2. Seventh District Court of Appeals
The two main issues in this case were: first, whether the restatement of a prior mineral interest reservation in a later deed constituted a “title transaction” under the 2006 Ohio Dormant Mineral Act30 (“the 2006 ODMA”); second, when was notice by publication considered sufficient under the statute. This case is important because the court upheld the rule set forth in Dodd v. Croskey31 as to what qualifies as a “title transaction” and that notice by publication is permitted by the 2006 ODMA. Finally, the court dismissed several other claims as moot under Corban v. Chesapeake Exploration L.L.C.;32 those claims will not be addressed in this brief.
On March 28, 1914, members of the Beardmore and Moore families executed a deed to Stephen V. Beardmore (“the 1914 Deed”). The 1914 Deed conveyed all the surface and reserved a mineral interest. Eventually, the surface was conveyed to Richard F. Shilts (“Shilts”). Pursuant to the 2006 ODMA, Shilts sought to reunite the reserved interest with the surface estate by publishing notice of his intent to declare the interest abandoned on October 19, 2012, in the Monroe County Beacon. Shilts received no response to this publication and, after waiting the appropriate time, filed and recorded an Affidavit of Abandonment on December 4, 2012.
On October 7, 2014, Shilts filed a quiet-title claim against the original grantors of the 1914 Deed and their “unknown heirs, devisees, executors, administrators, relicts, next of kin, and assignees.”33 On January 6, 2015, Marie I. Christman (“Christman”), as a successor to one of the original grantors, filed an answer. On February 8, 2016, the trial court granted Shilts motion for summary judgment, holding that the mineral interest had vested in him through application of the 2006 ODMA.
Christman appealed asserting a total of eight points of error; however, this brief will only address the court’s treatment of the following arguments: (1) that the trial court erred by holding that a restatement of a prior mineral reservation in later deeds does not qualify as a “title transaction” and (2) that the trial court erred by holding that Shilts satisfied the notice requirement of the 2006 ODMA by publishing notice of intent to declare the minerals abandoned rather than providing notice by certified mail.
Christman first argued that two subsequent deeds in the chain of title, which transferred surface rights but also included reference to the reserved interest, qualify as title transactions, and therefore, the interest has not been abandoned. The court disagreed. Citing Dodd v. Croskey, the court stated that when surface rights alone are conveyed, and no new interest has been reserved, even if the prior reservation is restated in the conveyance, the purpose is solely the sale of the surface rights, and thus, the reserved interest is not the subject of the title transaction as required by the clear language of §5301.56 (B) (3) (a) (emphasis added). In applying the Dodd rule to the facts of this case, the court held that because the purpose of the later deeds was to convey only the surface, the reserved interest was not the subject of a title transaction, and therefore, the interest had been abandoned.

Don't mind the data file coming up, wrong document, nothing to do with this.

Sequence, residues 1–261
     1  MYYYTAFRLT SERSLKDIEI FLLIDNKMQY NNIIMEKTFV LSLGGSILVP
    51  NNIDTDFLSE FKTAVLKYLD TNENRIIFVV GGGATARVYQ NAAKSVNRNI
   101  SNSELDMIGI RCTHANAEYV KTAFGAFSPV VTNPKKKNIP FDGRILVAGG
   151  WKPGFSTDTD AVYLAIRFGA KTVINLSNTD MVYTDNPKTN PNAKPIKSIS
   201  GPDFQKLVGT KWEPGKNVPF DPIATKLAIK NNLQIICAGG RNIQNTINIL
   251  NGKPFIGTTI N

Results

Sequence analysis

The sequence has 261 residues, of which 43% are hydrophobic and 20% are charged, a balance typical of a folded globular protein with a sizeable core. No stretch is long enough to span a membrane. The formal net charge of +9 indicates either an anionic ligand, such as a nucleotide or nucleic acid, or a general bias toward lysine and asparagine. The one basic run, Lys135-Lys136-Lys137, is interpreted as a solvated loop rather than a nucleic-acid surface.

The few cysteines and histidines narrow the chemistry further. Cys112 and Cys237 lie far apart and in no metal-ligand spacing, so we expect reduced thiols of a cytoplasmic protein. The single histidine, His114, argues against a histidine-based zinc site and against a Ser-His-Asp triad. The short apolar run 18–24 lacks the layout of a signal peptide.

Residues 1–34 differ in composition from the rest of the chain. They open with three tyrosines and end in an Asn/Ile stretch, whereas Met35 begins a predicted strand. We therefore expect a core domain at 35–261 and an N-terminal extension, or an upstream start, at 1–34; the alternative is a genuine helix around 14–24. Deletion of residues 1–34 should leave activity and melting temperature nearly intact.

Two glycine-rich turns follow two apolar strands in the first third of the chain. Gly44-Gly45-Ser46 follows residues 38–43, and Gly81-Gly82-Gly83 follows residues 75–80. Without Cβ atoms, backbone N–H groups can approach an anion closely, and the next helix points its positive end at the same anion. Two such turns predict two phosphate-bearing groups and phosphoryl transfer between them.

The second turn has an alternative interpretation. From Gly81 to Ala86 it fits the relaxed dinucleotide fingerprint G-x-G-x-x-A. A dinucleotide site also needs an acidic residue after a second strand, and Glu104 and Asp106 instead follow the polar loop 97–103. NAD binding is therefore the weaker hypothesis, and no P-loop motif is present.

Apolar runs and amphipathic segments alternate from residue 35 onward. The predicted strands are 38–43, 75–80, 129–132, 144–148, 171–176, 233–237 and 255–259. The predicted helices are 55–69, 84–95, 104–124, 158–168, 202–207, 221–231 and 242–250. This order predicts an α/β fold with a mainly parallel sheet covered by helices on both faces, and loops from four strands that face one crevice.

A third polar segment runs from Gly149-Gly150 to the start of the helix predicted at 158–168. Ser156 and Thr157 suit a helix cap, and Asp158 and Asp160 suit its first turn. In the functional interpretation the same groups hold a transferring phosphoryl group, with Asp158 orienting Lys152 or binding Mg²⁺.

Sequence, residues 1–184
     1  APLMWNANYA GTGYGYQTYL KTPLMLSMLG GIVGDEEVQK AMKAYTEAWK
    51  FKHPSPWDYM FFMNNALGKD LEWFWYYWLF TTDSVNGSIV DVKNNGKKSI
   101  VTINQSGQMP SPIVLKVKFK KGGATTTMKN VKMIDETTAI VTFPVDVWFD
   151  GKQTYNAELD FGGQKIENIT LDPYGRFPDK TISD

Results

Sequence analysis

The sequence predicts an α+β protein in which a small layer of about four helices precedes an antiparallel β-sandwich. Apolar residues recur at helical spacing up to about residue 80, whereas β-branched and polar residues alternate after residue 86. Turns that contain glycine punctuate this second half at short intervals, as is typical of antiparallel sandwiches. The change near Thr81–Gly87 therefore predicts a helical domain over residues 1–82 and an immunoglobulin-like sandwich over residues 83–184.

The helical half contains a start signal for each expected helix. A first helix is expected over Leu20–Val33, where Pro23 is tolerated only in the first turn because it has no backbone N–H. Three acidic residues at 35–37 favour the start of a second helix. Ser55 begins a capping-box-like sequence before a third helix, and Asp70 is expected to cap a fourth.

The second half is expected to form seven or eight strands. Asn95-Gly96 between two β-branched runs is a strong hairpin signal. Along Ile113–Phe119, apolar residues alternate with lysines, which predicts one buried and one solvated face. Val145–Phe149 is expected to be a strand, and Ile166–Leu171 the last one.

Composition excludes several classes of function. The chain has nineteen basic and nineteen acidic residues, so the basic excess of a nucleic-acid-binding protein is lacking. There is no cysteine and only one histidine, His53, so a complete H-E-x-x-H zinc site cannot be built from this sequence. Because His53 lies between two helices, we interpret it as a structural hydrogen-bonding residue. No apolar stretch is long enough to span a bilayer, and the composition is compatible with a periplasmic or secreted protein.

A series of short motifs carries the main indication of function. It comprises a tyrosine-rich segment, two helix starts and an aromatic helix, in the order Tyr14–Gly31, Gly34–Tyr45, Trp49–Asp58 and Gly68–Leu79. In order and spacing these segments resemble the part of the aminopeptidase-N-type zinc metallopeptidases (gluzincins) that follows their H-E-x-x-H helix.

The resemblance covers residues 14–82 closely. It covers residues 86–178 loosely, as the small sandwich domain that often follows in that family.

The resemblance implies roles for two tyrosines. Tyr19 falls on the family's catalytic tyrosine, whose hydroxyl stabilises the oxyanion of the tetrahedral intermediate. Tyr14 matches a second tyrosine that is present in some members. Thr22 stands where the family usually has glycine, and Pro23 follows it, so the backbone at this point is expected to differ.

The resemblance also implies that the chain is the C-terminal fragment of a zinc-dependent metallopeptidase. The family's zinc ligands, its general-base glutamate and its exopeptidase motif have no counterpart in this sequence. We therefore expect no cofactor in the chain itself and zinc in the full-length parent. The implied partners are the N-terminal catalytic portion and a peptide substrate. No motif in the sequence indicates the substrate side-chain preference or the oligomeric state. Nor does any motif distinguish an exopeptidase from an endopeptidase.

Regarding the notice argument, the court began by quoting, “If service of notice cannot be completed to any holder, the owner shall publish notice of the owner’s intent to declare the mineral interest abandoned […]” §5301.56 (E) (emphasis added). Christman argued that under Ohio law a “whatever it takes” standard is required, and the surface owner must at least attempt notice by certified mail.34 The court rejected this argument and instead, agreed with Shilts that the appropriate standard is one of “reasonable diligence.” The court stated that the reasonable diligence standard permits notice by publication when the party has made reasonable efforts to determine the names and addresses of the interest holders and their successors. If, after these reasonable efforts, the owner is still unable to obtain the pertinent information, it becomes obvious that notice by certified mail cannot be completed, and the owner need not make a futile attempt to serve notice in this manner. The court found that Shilts had made reasonable efforts to obtain the names and addresses of the interest holders and their heirs or successors by conducting a search of public records, including a search of probate records, an online search, examining the chain of title of the property, and by including the names of all original grantors, as well as a blanket statement addressing all possible heirs and successors to the interest in the notice; thus, notice by publication was permitted.
This case is important because the court provided further guidance on how to apply the rule set forth in Dodd v. Croskey when determining whether an instrument acts as a “title transaction” under the 2006 ODMA. Further, because the court determined that the surface owner’s search methods met the reasonable diligence standard, this case provides guidance to parties as to what search methods they should use when attempting to serve notice prior to the execution of an Affidavit of Abandonment.
29 Seventh Dist. Monroe No. 16 MO 0003, 2018-Ohio-863.
30 OHIO REV. CODE ANN. § 5301.56 (West 2014).
31 143 Ohio St. 3d 293, 2015-Ohio-2362, 37 N.E.3d 147.
32 149 Ohio St. 3d 512, 2016-Ohio-5796, 76 N.E.3d 1089.
33 Shilts v. Beardmore , Seventh Dist. Monroe No. 16 MO 000, 2018-Ohio-863, at ¶4.
34 Id. at ¶11.